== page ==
Hall Of Famer Kiner Dies At 91


Ralph Kiner, a Hall of Fame player in a career spent mostly with the Pirates who went on to have an equally prominent career as a broadcaster for the Mets, died at 91 of natural causes at his home in California.

Kiner played for the Pirates, Cubs and Indians in a 10-year career and hit more than 40 homers five years in a row, averaging nearly 47 home runs a season in that stretch, and he ended up with 369 home runs. He started his major league career at age 23 in 1946, after serving three years as a Navy pilot during World War II.

Kiner finished in the top 10 in MVP voting five consecutive seasons and hit .297/.398/.548 for his career. Despite his success with the Pirates, he was traded to the Cubs on June 4, 1953, after continual salary disputes with Pittsburgh general manager Branch Rickey.

Rickey, as Kiner often recalled, told the outfielder, “We finished last with you, we can finish last without you.”

Ralph Kiner

Chronic back problems forced Kiner to retire after the 1955 season at age 32. He was elected to the Hall of Fame in 1975, getting 273 votes from the Baseball Writers Association of America, one more than required, in his final year on the ballot.

As successful as he was on the field—Kiner was one of the most feared righthanded hitters in his era—he became equally beloved for his work on Mets broadcasts and on his TV postgame show, “Kiner’s Korner.”

The Kiner’s Korner moniker first developed during Kiner’s playing career in Pittsburgh at Forbes Field, which had a short left-field porch. Many of Kiner’s homers landed in Kiner’s Korner, as it was dubbed, and he carried that over to his TV show.

A master of the malaprop, Kiner is perhaps best known for this opening for one Father’s Day telecast: “It’s Father’s Day today at Shea, so to all you fathers out there, happy birthday.”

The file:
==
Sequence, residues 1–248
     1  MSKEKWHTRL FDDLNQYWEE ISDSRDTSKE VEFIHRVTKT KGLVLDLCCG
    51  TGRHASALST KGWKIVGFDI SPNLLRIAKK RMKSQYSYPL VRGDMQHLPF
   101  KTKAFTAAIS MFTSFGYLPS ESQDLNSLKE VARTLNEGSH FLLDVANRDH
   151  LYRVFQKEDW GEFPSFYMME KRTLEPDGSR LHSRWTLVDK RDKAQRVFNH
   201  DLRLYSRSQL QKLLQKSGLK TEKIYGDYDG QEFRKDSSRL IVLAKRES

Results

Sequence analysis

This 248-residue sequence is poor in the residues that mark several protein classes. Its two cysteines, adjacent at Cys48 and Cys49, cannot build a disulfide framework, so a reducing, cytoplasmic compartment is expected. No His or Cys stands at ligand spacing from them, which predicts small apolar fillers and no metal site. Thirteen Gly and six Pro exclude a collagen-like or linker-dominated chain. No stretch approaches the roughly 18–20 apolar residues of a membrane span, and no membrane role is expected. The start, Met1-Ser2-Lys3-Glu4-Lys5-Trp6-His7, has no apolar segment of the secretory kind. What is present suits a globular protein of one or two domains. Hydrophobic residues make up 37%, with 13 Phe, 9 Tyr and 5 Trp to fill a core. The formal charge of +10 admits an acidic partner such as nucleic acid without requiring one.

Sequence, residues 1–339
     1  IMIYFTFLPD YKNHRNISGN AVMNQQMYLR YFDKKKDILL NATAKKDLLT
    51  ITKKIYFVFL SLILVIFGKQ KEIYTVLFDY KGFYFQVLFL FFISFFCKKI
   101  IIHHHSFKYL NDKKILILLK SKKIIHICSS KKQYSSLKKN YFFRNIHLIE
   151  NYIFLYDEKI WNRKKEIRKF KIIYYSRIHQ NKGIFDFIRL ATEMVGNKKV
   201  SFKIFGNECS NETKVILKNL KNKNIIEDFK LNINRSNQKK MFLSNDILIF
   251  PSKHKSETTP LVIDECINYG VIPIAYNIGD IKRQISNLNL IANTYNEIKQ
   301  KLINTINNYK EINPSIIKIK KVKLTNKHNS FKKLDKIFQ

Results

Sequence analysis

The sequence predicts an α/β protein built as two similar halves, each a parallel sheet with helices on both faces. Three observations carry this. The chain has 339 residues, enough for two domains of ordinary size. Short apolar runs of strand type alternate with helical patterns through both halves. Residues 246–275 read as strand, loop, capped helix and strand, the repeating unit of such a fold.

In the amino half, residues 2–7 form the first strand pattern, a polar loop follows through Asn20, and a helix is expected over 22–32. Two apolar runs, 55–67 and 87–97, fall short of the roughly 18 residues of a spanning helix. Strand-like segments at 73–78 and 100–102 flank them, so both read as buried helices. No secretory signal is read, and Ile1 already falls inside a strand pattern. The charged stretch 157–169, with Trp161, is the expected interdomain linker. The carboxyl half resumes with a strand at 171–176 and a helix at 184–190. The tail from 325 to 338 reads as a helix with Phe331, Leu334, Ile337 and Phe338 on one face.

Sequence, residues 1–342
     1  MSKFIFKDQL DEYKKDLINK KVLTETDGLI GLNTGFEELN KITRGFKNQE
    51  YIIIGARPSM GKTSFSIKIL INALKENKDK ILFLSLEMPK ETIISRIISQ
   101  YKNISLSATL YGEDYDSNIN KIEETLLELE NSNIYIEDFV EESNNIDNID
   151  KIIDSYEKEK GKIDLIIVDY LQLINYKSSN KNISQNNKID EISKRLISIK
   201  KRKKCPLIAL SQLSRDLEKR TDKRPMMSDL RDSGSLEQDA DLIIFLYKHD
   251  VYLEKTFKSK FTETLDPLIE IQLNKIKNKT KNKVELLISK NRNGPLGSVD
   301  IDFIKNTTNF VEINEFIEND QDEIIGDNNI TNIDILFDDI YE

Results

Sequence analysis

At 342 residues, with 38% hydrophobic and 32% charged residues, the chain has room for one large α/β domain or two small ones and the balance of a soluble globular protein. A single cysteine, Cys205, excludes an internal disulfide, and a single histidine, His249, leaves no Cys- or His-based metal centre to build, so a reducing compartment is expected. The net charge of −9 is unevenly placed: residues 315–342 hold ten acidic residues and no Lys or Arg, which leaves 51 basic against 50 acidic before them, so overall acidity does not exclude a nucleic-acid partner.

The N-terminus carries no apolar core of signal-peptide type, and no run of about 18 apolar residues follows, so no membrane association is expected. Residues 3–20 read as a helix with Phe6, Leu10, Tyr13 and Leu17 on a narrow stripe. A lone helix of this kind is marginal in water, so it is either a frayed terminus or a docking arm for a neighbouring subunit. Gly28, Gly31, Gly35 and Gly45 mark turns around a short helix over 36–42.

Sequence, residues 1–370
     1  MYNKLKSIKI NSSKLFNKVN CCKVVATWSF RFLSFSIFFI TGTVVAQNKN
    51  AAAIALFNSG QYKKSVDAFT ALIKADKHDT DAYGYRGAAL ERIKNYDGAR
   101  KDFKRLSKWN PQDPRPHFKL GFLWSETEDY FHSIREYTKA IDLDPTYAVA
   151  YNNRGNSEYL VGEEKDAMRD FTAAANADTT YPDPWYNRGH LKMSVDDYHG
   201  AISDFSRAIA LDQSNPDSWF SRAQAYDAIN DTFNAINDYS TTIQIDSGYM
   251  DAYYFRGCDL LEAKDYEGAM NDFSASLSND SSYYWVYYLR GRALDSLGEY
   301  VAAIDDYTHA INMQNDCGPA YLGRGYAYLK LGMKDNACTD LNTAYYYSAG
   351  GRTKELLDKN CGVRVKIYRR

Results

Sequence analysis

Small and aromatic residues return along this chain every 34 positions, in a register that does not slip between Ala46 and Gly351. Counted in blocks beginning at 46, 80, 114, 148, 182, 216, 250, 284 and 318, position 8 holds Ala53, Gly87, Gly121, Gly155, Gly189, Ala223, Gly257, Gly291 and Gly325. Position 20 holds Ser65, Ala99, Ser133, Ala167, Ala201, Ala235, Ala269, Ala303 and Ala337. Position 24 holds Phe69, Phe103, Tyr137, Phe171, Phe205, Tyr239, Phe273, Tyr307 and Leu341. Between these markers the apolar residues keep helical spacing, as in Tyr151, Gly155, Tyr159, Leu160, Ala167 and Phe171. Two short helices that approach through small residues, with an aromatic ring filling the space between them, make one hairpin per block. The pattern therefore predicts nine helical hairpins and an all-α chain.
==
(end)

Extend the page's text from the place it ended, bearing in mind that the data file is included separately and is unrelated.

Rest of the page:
Although the players received a modest stipend to appear as guests on his show, they enjoyed visiting with Kiner.
“The thing about Ralph is he made you feel so comfortable—no pretense, just be yourself,” Hall of Famer Tom Seaver told The New York Times. “It wasn’t a high-end show. But the best thing is he understood; he knew just what you meant.”

Despite his on-air bloopers, or perhaps because of them, he was beloved by the Mets and their fans, broadcasting games through 2013.

“Ralph Kiner was one of the most beloved people in Mets history, an original Met and extraordinary gentleman,” Mets owner and CEO Fred Wilpon said in a statement. “After a Hall of Fame playing career, Ralph became a treasured broadcasting icon for more than half a century. His knowledge of the game, wit, and charm entertained generations of Mets fans. Like his stories, he was one of a kind. We send our deepest condolences to Ralph’s five children and twelve grandchildren. Our sport and society today lost one of the all-time greats.”

 

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